Example 4.3 continued: The solution
Observe that SureStep should never hire any workers, and it should fire 6 workers in month 1, 1 worker in month 2, and 43 workers in month 3. 80 hours of overtime are used, but only in month 2. The company produces more than 3700 pairs of shoes during each of the first 2 months, 2000 pairs in month 3, and 1000 in month 4. A total cost of \$692,820 is incurred.

Example 4.3 continued: The solution
Again, we would not force the number of pairs of shoes produced each month to be an integer. It makes little difference whether the company produces 3760 or 3761 pairs of shoes during a month, and forcing each month’s shoe production to be an integer can greatly increase the time the computer needs to find an optimal solution. On the other hand, it is somewhat more important to ensure that the number of workers hired and fired each month is an integer, given the small number of workers involved.

Example 4.3 continued: The solution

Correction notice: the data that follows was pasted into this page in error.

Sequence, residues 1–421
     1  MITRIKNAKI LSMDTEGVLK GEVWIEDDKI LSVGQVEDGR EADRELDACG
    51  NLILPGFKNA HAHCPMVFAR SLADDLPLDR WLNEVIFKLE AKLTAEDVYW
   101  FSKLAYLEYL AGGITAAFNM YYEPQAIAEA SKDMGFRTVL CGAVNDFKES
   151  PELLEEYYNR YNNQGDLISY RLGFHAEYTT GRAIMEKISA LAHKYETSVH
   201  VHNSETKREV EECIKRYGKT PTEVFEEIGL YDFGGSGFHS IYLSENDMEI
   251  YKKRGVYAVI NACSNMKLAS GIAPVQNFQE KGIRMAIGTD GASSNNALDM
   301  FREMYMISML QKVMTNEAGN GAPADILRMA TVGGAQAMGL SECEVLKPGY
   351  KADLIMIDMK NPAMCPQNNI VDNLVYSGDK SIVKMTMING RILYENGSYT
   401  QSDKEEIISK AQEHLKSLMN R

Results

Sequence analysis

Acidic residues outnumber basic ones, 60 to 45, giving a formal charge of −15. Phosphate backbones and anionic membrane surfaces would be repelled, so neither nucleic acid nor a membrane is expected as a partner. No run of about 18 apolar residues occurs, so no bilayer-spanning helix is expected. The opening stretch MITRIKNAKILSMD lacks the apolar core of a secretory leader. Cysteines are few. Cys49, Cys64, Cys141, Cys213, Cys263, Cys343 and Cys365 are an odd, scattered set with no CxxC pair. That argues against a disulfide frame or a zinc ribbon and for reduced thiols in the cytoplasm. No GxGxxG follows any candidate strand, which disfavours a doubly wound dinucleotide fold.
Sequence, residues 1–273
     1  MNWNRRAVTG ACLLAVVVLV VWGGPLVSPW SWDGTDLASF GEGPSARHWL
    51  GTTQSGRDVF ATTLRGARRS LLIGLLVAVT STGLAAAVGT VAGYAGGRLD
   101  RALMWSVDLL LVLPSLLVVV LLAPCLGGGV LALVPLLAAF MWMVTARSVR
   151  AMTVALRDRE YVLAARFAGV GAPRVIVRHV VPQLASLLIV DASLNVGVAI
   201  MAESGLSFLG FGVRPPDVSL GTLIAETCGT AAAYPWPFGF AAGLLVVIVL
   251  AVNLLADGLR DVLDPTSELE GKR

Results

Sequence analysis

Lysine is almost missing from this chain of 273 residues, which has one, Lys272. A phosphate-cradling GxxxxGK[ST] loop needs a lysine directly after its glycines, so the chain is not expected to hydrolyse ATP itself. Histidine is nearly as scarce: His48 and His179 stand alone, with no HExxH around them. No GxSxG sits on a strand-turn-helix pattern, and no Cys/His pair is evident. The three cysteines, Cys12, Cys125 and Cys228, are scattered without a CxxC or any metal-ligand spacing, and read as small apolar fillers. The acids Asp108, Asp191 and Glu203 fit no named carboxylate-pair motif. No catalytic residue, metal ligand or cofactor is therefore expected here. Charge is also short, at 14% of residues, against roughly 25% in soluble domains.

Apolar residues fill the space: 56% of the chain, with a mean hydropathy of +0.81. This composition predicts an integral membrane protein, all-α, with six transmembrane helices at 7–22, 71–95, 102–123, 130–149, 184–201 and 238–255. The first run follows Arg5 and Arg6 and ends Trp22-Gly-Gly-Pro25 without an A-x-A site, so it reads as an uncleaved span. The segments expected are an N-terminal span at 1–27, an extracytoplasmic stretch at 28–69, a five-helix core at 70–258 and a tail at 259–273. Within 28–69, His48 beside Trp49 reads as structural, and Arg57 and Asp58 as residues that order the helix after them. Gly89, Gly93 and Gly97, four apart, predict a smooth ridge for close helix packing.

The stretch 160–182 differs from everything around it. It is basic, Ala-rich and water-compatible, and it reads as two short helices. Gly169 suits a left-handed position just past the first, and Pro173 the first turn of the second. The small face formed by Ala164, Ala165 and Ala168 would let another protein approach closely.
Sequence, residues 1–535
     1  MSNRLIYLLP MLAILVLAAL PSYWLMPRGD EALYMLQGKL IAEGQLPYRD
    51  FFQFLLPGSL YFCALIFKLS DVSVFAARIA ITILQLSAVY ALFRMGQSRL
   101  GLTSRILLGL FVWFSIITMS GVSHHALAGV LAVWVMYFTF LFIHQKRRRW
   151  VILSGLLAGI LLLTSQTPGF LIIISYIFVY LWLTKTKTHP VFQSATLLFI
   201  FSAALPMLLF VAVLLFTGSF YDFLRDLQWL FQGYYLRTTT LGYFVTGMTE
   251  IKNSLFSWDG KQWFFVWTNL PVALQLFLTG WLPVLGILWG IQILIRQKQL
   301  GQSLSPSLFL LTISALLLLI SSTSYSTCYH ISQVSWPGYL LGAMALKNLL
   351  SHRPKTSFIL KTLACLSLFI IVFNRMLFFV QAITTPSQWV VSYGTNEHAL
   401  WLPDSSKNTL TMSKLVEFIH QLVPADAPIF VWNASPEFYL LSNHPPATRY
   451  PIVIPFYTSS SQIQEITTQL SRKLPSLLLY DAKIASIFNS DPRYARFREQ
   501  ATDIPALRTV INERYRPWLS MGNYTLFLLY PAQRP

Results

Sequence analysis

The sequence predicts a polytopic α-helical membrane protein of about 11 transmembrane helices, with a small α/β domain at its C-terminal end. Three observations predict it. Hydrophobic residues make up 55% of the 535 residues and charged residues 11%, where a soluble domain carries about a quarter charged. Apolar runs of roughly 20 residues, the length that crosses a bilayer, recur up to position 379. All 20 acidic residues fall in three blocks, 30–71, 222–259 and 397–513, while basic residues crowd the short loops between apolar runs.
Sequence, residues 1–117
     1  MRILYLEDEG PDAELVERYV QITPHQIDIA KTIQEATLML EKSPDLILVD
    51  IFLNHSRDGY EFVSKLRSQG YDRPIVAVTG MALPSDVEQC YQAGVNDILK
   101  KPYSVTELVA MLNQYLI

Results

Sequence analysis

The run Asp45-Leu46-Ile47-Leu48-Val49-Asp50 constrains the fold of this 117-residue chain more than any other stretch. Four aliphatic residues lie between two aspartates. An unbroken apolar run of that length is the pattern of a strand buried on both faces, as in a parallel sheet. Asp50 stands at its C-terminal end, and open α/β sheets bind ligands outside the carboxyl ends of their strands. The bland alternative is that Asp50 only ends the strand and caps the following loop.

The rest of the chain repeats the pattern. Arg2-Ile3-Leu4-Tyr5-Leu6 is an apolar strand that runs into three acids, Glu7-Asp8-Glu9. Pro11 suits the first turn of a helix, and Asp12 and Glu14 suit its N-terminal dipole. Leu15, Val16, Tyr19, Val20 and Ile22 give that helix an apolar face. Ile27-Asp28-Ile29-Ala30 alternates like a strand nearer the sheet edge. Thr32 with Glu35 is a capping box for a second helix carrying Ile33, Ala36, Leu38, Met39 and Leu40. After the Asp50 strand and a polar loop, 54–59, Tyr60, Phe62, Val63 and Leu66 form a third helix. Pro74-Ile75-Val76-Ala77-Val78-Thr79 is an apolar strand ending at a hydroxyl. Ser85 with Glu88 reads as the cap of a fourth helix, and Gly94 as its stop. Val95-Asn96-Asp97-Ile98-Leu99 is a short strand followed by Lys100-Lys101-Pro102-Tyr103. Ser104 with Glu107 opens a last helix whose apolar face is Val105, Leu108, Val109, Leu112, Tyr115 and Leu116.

Finally, if you want to ensure that Solver finds the optimal solution in a problem where some or all of the changing cells must be integers, it is a good idea to go into Options, then to Integer Options, and set the tolerance to 0. Otherwise, Solver might stop when it finds a solution that is close to optimal.

Example 4.3 continued: Sensitivity analysis
There are many sensitivity analyses we could perform on this final SureStep model. One would be to see how the overtime hours used and the total cost varies with the overtime age rate. When the wage rate is really low, considerably more overtime hours are used, whereas when the wage rate is sufficiently large, we use no overtime hours.

Example 4.3 continued: Sensitivity analysis
The results appear in the table shown below.

The rolling planning horizon approach
In reality, an aggregate planning model is usually implemented via a rolling planning horizon. To illustrate, we assume that SureStep works with a 4-month planning horizon. To implement the SureStep model in the rolling planning horizon context, we view the “demands” as forecasts and solve a 4-month model with these forecasts. However, we implement only the month 1 production and work scheduling recommendation.

The rolling planning horizon approach continued